Although ‘streaming’ media has become increasingly common across multiple media industries, significant differences underpin the industrial practices that allow this behavior and explain discrepant experiences of internet distribution across industries. This article uses collaborative comparative media industry analysis to investigate the commonalities and variations among streaming in the US music, film, and television industries to assess the viability of theorizing the cultural implications of streaming as a consistent phenomenon across media industries. The article explores the consistencies and divergences of streaming among consumer experience, business practices, and textual implications to compare how established uses, production practices, and media content have been affected by internet distribution. Such detailed industry comparison is a novel approach, and the article also considers the methodological value of rigorous collaboration among scholars expert in different media industries. The analysis is based on industry data and practices obtained through trade press, industry reports, and interviews with media workers consistent with a critical media industries approach.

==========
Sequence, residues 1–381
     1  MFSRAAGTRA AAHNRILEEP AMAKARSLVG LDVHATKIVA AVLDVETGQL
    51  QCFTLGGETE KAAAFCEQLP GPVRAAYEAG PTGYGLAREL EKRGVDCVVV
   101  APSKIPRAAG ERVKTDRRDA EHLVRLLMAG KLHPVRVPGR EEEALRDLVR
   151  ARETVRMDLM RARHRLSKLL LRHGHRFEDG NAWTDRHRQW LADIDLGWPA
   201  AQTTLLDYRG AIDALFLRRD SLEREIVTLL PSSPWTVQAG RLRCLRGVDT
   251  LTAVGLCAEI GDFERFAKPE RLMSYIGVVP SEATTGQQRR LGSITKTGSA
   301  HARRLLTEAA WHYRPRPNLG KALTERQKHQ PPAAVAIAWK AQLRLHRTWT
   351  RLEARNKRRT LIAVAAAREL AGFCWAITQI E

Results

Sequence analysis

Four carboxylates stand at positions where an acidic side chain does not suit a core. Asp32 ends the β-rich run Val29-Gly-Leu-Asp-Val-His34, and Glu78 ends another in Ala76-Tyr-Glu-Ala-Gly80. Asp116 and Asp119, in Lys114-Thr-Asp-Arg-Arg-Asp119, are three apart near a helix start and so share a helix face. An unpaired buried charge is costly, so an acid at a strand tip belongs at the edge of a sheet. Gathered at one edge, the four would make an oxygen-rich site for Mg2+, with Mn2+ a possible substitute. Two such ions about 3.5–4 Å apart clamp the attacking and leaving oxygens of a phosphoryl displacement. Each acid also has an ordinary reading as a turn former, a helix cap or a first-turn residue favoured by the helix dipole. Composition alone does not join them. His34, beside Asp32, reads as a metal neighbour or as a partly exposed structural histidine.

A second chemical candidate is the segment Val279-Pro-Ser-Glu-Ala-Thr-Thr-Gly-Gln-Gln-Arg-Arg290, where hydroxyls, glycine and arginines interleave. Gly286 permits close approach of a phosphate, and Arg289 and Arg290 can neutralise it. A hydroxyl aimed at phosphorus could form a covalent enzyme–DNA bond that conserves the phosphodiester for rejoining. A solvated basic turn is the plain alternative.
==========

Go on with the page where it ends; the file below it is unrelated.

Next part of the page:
- Cultural Work
- digital distribution
- media industries
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- School of Sociology, Politics and International Studies - Professor of Sociology